Barraband Pl. 33, La Perruche à tête jaune
Oppenheimer Editions Print
21 1/2" x 14 3/8"
Limited edition of 500
Blind embossed with the Oppenheimer Editions and The Field Museum logos
Barraband's Natural History, The Oppenheimer Field Museum Edition
Jacques Barraband’s rendering skills are unparalleled. His prints of birds remain among the most life-like in natural history art. His luminously colored engravings, combined with Francois Levaillant’s exact ornithological depictions represent a high point in the history of ornithological art.
In his work, the birds seem to glow on the paper, giving off an inner vitality that comes from a brilliant use of color, a near- perfect rendering of feathers, and a breathtaking mastery of the printing process. Jacques Barraband collaborated with Louis Bouquet (1765—1814) and Langlois to create the engravings. The plates were then inked à la poupée, an early method of color printing.
Jacques Barraband (1767—1809) was well-known for his accomplishments as an artist long before he came to work for famed French naturalist Francois Levaillant (1753—1824). From 1801—1805, these men collaborated on the world’s best-known natural history work about parrots, Histoire Naturelle Des Perroquets. The pair would go on to collaborate on other great works, Histoire Naturelle Des Oiseaux Des Paradis et des Rolliers (Birds of Paradise), and Histoire Naturelle des Promerops (Toucans).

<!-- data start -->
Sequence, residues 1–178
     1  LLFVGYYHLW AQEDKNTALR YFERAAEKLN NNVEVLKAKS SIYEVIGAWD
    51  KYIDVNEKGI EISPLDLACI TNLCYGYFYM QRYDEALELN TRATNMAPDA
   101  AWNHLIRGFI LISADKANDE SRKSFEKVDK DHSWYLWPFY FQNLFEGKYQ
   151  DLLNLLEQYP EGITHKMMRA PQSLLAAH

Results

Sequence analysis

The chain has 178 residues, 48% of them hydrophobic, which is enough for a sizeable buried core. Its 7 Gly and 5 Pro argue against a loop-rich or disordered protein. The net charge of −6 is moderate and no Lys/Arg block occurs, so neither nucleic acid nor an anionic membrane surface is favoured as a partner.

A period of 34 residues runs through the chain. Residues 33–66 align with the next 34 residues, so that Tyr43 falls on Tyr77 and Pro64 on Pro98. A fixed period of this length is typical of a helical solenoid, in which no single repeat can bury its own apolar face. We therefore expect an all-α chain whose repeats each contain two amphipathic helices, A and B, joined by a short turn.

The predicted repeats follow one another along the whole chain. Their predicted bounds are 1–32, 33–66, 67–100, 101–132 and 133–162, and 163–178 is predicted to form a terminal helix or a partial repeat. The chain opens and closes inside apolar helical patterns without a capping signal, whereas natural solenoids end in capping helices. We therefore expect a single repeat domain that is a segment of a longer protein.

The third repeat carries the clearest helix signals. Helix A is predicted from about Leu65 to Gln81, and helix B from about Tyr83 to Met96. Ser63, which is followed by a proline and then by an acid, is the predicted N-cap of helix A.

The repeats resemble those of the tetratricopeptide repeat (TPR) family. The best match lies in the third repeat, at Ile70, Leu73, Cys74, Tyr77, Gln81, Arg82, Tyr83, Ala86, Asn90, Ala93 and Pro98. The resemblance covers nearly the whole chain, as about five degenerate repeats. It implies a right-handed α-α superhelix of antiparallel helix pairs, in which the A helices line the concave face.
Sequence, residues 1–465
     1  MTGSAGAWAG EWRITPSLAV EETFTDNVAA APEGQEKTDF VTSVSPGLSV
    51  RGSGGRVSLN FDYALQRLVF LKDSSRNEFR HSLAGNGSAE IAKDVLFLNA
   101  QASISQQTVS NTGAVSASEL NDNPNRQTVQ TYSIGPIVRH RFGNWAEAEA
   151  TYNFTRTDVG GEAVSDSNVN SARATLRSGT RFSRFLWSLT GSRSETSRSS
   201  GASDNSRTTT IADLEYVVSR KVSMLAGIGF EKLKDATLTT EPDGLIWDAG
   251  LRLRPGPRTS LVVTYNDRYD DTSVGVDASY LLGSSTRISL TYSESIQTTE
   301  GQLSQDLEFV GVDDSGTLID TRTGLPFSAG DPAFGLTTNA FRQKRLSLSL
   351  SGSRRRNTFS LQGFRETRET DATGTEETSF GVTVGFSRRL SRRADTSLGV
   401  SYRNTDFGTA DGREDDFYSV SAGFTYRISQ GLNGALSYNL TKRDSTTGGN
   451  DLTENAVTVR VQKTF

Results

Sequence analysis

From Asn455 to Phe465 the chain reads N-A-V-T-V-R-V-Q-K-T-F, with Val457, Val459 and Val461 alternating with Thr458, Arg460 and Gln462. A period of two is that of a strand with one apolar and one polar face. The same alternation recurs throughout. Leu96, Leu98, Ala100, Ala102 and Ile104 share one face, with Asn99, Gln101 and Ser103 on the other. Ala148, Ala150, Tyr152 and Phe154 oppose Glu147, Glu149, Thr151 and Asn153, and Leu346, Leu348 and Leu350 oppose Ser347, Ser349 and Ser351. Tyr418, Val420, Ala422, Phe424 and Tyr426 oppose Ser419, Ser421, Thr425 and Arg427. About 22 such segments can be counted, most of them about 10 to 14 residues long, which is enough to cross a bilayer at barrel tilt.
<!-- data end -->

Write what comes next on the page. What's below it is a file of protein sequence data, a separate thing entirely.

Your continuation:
Established in 1999, Oppenheimer Editions has partnered with prestigious museums to make prints from their holdings. Works from the New-York Historical Society’s unrivaled collections of John James Audubon’s watercolors and the Hudson River School paintings are examples of art that otherwise would be unobtainable. Among the institutional collections we have partnered with are the American Museum of Natural History, the Field Museum, and Royal Botanic Gardens, Kew. These are not mere reproductions. They are limited-edition fine art prints made with the finest quality archival pigments on rag watercolor paper and executed to exacting standards.
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